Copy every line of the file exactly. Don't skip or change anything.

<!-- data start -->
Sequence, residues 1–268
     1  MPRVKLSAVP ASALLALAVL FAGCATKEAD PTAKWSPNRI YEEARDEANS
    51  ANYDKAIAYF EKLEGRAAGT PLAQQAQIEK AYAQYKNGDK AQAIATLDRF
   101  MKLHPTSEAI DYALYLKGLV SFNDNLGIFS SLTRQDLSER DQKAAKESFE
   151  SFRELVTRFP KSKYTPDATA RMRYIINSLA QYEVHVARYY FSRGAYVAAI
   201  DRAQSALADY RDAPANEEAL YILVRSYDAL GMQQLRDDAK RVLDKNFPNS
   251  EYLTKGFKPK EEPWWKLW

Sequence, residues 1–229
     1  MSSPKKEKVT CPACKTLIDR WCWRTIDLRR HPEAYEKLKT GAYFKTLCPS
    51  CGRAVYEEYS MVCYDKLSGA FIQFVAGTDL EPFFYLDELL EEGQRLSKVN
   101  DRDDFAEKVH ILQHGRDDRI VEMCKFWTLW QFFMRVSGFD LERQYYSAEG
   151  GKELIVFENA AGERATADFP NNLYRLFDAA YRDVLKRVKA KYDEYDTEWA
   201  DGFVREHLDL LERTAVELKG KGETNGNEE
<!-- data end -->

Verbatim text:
Sequence, residues 1–268
     1  MPRVKLSAVP ASALLALAVL FAGCATKEAD PTAKWSPNRI YEEARDEANS
    51  ANYDKAIAYF EKLEGRAAGT PLAQQAQIEK AYAQYKNGDK AQAIATLDRF
   101  MKLHPTSEAI DYALYLKGLV SFNDNLGIFS SLTRQDLSER DQKAAKESFE
   151  SFRELVTRFP KSKYTPDATA RMRYIINSLA QYEVHVARYY FSRGAYVAAI
   201  DRAQSALADY RDAPANEEAL YILVRSYDAL GMQQLRDDAK RVLDKNFPNS
   251  EYLTKGFKPK EEPWWKLW

Sequence, residues 1–229
     1  MSSPKKEKVT CPACKTLIDR WCWRTIDLRR HPEAYEKLKT GAYFKTLCPS
    51  CGRAVYEEYS MVCYDKLSGA FIQFVAGTDL EPFFYLDELL EEGQRLSKVN
   101  DRDDFAEKVH ILQHGRDDRI VEMCKFWTLW QFFMRVSGFD LERQYYSAEG
   151  GKELIVFENA AGERATADFP NNLYRLFDAA YRDVLKRVKA KYDEYDTEWA
   201  DGFVREHLDL LERTAVELKG KGETNGNEE